Our first course showed Chef Schlegel's extraordinary skill at taking familiar ingredients and turning them into something special—a Matjes herring filet, served with purees of deep red Bull's Blood beets and green beans, the herring plated on a thinly sliced potato square, the beets and beans piped onto a thin sheet of soubise (traditionally, a béchamel sauce thickened with puréed rice and used for coating ingredients, but here thickened and cut to form a rich base for the beet and bean mousses). While herring is often assumed to be intensely flavored, Chef Schlegel's interpretation was subtly flavored and seasoned. With this course, we savored a Trimbach Riesling Reserve 2011, from a winery from the Alsace region known for its Rieslings that combine fruit, acidity, and mineral undertones. This wine was at its ideal drinkability, with strong flavors of citrus and sharp acidity that both cut through and complemented the distinct flavors of the herring and the beets.
As a second course, Chef Schlegel offered a seared rabbit loin, with a purple haze carrot, a touch of savora mustard, a sprinkle of potato crumble, and a seasonal ramp gel. The rabbit was light and tender; the carrot provided both vivid color and a bit of sweetness to the overall dish, and the ramp gave an additional splash of color to the plate and some sharpness. The wine for this course was a Nicolas Rossignol Volnay 1re Cru "Clos des Angles 2012"—a pinot noir from a small vineyard in Burgundy with a bouquet and taste that combined fruit with a touch of minerality, that matched well with the lightness of the rabbit and the flavors of the garnishes.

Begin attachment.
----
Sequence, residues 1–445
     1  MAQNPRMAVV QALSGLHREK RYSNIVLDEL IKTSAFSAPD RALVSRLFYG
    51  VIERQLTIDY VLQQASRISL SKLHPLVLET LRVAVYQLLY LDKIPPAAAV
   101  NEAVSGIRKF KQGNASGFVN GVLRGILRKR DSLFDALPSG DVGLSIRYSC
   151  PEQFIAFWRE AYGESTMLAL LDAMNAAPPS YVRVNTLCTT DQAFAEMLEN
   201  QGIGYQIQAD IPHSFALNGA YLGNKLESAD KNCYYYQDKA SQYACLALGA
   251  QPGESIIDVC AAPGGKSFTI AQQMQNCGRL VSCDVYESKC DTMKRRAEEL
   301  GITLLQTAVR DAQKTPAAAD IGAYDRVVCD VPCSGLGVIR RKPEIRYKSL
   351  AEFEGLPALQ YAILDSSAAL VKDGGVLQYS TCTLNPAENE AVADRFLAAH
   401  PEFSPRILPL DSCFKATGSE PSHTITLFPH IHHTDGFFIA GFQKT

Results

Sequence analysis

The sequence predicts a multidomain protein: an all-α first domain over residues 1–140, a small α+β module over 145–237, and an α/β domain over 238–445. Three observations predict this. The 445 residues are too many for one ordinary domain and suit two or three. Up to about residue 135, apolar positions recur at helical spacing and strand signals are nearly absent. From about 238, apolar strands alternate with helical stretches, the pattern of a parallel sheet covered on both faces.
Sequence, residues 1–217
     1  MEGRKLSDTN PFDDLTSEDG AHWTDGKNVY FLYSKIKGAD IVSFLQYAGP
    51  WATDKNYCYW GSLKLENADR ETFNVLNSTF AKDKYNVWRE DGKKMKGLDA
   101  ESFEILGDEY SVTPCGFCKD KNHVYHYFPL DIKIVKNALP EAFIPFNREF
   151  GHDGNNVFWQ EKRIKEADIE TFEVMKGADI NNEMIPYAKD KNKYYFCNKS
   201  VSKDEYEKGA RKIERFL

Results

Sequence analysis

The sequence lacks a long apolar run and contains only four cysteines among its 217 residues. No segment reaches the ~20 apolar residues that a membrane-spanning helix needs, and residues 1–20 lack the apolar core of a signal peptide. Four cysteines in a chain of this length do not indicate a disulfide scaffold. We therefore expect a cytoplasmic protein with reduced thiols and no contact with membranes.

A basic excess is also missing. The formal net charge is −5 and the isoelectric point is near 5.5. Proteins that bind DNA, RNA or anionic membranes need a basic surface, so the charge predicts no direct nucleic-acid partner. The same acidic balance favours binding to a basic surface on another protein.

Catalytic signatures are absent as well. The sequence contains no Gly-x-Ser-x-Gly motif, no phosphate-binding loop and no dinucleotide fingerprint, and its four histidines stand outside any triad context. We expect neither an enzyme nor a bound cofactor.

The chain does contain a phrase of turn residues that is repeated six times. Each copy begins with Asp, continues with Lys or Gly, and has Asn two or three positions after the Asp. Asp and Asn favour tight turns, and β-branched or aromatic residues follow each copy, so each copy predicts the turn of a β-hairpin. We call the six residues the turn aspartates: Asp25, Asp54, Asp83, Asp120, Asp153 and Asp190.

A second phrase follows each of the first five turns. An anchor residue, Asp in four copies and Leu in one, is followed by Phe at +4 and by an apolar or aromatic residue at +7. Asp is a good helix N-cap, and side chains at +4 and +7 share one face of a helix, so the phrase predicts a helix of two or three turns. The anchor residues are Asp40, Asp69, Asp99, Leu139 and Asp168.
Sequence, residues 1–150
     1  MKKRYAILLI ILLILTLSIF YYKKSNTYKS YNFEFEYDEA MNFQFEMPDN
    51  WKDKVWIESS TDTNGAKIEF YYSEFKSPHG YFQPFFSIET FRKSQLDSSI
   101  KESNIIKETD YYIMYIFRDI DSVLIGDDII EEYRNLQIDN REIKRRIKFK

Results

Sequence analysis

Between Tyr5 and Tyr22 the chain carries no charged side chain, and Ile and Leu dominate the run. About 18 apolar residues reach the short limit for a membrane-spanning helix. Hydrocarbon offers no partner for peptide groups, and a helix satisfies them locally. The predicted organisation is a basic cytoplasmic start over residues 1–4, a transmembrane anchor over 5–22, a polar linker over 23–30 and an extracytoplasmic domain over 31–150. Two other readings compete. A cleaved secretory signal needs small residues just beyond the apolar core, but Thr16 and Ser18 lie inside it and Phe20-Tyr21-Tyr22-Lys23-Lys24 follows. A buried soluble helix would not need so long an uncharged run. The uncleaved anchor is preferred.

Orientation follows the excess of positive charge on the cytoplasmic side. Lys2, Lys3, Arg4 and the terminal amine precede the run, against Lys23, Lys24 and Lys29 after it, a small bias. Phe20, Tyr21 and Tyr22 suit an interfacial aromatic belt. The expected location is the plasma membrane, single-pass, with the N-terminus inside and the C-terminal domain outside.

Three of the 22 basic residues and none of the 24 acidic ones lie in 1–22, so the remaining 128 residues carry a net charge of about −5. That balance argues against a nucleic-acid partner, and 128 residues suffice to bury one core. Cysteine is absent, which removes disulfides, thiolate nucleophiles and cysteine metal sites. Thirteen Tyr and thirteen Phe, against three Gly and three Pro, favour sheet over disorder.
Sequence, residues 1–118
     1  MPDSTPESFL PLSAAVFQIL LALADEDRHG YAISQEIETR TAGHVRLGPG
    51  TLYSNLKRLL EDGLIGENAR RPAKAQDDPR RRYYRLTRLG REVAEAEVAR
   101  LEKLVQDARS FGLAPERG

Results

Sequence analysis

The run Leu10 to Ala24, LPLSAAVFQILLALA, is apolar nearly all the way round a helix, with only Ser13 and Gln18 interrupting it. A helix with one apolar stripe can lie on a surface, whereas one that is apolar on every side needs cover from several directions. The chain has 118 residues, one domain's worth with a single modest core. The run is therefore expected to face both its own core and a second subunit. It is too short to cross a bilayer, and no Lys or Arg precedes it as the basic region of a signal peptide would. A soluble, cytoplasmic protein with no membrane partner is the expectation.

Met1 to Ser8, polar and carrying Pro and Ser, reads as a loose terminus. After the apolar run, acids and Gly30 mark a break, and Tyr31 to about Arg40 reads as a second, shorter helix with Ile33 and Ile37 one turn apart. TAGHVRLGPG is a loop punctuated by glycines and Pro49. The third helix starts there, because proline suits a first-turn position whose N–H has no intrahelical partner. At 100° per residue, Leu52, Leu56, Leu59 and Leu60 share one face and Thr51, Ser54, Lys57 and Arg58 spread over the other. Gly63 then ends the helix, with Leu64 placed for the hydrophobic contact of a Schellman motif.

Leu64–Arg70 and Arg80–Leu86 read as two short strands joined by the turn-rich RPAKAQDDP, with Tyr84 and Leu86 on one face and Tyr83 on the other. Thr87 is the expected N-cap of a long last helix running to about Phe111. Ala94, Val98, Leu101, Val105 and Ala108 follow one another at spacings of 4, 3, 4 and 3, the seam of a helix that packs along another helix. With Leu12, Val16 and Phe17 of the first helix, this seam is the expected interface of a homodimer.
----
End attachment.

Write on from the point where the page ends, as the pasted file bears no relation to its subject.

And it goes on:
The entrée was an Elysian Field rack of lamb with herbs, a touch of bergamot, fava beans, and a black garlic jus. The lamb was a beautifully cooked medium rare, and Chef Schlegel explained that it was pan seared briefly before being roasted in a relatively low 350° oven until barely done—beautiful color, beautiful texture, and beautiful flavor! Plating for this course was classic—the lamb arranged to show its colors and texture with a garnish of fava beans and the black garlic jus. With this dish, we enjoyed a Bodegas y Viñedos Maurodos Toro Fina San Román 2011—a large wine, perfect for drinking slowly with a dish that was, at the same time, simple but with complex flavors. This wine had a beautiful color, complex fruit and floral aromas, and a hint of minerality, all of which had matured and smoothed out well. The wine had a rich texture and mouthfeel, and it was an excellent accompaniment to the perfectly prepared and presented lamb.
Finally, dessert! A honey-marzipan croustillant was served with apricot "pearls," caramelized pine nuts, a sprinkling of bee pollen, and a quenelle of rosemary ice cream. Each of these elements was a tribute to the mastery of the pastry chef, Fabrice Leray. The croustillant was crispy and flavorful, the apricot pearls released bursts of flavor, and the rosemary ice cream added an herbal element that allowed each of the other elements on the plate to shine. With the dessert, we enjoyed a real gem—a Château Coutet 2004 Sauternes,. This wine, from one of the oldest Sauternes vineyards, matures to develop a flavor with hints of honey, vanilla, and dried or candied fruit, and has a wonderful rich, deep aroma. This wine was an excellent pairing with Chef Leray's dessert offerings and a true wine to savor.
As the dinner concluded, Chef Schlegel took a moment from his busy kitchen to join us briefly, answer questions, and accept a Chaîne plate as a token of our appreciation for his work and that of his team. Truly, a special evening from beginning to end!